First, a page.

Behavioral finance is a branch of economics that seeks to explain why investors frequently have irrational expectations, which can lead to poor decision making. There is a growing body of evidence to suggest that humans are plagued with a myriad of biases that can prevent us from being rational investors. As investment managers, part of our role in achieving strong long-term results is to be aware of these factors and consciously make bias-free decisions about the future. In this blog, we will highlight one important bias that can lead investors to make poor predictions about future investment returns.
Extrapolation bias is the tendency to take a recent experience and project that it will continue into the future. For example, if a company has grown its earnings by 25% in each of the past three years, we may project that it will grow earnings at 25% far into the future. Using this simplistic analysis, there are many variables we are not taking into account, and we are likely to be incorrect the farther into the future we project this rate.
If our investments return 10% this year, we can sometimes think that they will return 10% per year into the future. Similarly, if our investments declined by 5% this year, we may think that we are now likely to lose 5% each year. In both cases, this simple and emotional feeling has no direct correlation with what will happen in the future – in fact, there are many variables that will determine future investment returns. The reality is that investment returns have fluctuated greatly from year to year. Since 1950 the average one-year return for the S&P 500 (i.e. the average of every 252 business day period) was 9.20%, while the best one-year return was 72.32% and the worst was -50.68%.
The folly of the extrapolation bias is well illustrated in a round of golf. If you birdied the first hole in your round, it is unreasonable to believe (even for the best golfer among us) that you would birdie each hole thereafter and finish your round 18 under par. We know from experience that what we do on one hole has little correlation to what we do on the next hole – weather, wind, swing, lie, bounce, thoughts, distractions, and innumerable other factors are at play.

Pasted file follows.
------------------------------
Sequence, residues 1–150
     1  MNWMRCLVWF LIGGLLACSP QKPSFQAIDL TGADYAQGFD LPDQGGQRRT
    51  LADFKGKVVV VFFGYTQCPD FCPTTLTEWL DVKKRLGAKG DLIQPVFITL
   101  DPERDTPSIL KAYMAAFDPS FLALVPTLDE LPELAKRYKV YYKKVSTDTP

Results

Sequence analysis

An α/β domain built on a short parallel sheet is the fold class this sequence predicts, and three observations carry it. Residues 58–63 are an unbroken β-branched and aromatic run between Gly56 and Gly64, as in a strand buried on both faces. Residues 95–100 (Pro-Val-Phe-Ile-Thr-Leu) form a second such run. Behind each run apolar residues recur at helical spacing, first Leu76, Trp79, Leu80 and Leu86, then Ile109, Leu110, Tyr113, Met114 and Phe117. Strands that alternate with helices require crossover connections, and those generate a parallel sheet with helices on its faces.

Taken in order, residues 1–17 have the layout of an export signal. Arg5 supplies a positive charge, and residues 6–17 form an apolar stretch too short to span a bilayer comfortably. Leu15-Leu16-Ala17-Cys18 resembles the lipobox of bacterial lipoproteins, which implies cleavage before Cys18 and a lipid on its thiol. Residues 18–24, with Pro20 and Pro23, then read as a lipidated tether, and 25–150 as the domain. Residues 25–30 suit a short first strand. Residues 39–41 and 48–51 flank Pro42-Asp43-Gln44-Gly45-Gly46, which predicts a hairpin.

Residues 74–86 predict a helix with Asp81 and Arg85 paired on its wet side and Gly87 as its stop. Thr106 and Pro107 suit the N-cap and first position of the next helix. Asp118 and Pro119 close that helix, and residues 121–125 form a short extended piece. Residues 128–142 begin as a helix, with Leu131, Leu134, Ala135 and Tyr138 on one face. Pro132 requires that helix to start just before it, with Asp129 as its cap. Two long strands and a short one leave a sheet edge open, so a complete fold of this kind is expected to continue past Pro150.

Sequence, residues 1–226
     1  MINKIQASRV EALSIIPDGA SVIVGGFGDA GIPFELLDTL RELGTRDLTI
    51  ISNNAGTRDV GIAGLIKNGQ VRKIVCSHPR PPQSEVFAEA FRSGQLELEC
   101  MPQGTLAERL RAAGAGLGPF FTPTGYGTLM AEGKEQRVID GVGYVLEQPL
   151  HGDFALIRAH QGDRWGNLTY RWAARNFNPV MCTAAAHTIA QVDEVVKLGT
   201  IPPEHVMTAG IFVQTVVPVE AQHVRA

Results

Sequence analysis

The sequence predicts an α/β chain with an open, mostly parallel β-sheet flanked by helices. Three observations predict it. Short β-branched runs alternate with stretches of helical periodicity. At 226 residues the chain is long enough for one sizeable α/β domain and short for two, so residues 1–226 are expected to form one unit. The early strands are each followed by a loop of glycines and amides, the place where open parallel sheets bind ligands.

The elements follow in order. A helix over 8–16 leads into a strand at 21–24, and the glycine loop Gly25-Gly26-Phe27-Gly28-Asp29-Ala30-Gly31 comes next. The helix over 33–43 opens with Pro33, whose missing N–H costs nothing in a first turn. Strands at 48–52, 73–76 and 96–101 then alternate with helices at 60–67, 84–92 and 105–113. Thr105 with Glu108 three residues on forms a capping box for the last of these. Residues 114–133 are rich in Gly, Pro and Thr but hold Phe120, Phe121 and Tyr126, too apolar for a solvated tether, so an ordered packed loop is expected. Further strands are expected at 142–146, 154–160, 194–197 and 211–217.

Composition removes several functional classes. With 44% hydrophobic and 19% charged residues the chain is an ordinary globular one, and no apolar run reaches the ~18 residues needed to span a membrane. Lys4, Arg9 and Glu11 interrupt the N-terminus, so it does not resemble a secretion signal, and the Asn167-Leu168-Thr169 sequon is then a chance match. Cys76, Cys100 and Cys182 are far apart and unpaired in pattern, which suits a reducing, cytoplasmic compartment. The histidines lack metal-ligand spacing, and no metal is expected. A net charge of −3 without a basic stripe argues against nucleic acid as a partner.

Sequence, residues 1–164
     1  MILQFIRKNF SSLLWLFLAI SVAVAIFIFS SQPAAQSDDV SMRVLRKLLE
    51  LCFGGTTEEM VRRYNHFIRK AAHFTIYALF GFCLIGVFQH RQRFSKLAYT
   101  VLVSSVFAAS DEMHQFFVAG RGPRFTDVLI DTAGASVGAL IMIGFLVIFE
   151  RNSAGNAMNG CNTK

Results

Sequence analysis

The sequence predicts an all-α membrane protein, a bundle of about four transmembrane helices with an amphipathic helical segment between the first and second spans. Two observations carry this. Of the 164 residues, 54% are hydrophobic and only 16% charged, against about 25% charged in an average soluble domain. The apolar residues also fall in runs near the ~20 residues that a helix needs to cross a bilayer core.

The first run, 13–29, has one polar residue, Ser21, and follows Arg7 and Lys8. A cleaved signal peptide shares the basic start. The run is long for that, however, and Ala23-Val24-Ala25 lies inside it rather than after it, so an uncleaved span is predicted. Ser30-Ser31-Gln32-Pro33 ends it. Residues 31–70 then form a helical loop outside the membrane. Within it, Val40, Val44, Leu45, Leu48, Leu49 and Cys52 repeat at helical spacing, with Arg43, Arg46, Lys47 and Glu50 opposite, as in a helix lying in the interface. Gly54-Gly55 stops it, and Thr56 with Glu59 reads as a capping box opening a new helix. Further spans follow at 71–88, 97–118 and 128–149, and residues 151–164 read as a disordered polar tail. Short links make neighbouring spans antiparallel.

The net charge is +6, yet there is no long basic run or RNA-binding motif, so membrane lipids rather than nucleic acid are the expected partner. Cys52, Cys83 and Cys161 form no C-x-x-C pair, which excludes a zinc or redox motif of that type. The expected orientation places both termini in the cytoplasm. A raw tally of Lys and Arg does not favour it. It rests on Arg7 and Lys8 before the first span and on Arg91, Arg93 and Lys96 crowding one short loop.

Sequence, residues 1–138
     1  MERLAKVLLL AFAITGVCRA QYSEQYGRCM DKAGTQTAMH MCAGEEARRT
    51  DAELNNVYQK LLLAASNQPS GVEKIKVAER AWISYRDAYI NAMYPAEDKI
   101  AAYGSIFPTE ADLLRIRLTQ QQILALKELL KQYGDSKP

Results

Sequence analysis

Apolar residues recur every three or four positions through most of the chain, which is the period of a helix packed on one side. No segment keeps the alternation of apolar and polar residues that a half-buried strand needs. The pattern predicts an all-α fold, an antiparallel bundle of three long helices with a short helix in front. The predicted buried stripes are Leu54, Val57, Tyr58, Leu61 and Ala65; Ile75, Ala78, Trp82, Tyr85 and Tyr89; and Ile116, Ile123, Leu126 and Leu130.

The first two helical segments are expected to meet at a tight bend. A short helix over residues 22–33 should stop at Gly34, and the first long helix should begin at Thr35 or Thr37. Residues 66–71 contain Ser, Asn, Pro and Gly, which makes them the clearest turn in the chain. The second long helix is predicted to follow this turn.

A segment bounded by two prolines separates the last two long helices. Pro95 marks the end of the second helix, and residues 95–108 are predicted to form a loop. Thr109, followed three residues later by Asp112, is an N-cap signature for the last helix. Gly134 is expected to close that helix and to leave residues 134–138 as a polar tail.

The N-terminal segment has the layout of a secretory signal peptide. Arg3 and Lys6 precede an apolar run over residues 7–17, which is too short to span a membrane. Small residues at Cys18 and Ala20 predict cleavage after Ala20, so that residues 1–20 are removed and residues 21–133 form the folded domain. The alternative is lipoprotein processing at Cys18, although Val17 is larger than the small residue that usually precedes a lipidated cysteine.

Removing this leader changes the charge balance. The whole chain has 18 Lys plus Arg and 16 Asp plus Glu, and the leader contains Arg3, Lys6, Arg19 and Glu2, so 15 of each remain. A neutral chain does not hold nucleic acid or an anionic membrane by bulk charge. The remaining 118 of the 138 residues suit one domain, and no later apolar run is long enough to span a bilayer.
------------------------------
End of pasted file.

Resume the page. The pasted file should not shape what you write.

Projecting investment returns into the future will not necessarily be any more valid than projecting your golf score. It is important to be aware of and recognize this bias, and make evaluations based on more relevant factors that are more valuable in assessing probabilities of future success. Is the investment process you are using straightforward and easy to understand? Is your investment team experienced and trustworthy? Is there a sound investment discipline in place that prevents falling victim to whims, trends and fads of the day?
We have always believed that the key to long-term investment success is a disciplined process, and encourage all of our investors to be aware of the extrapolation bias – specifically that returns in any short-term period are less meaningful than the investment process implemented over the long-term.
Daily index values obtained from Yahoo Finance from 1/1/1950-6/29/18. The figures quoted are for illustrative purposes only and are not intended as investment advice. Past performance does not guarantee future results. The S&P 500 Index is a market cap weighted basket of 500 leading companies in the U.S. that capture 80% coverage of available market capitalization. Indices cannot be invested in directly. Draw downs represent the percentage decline in index value from the previous peak. Price Return does not take into account the payment or reinvestment of dividends.
Carl is a Senior Investment Manager based in the Shenandoah office. Carl is a CFP and has 40 years of experience in banking and investment management. For feedback or questions regarding this blog post, please contact Carl at email@example.com.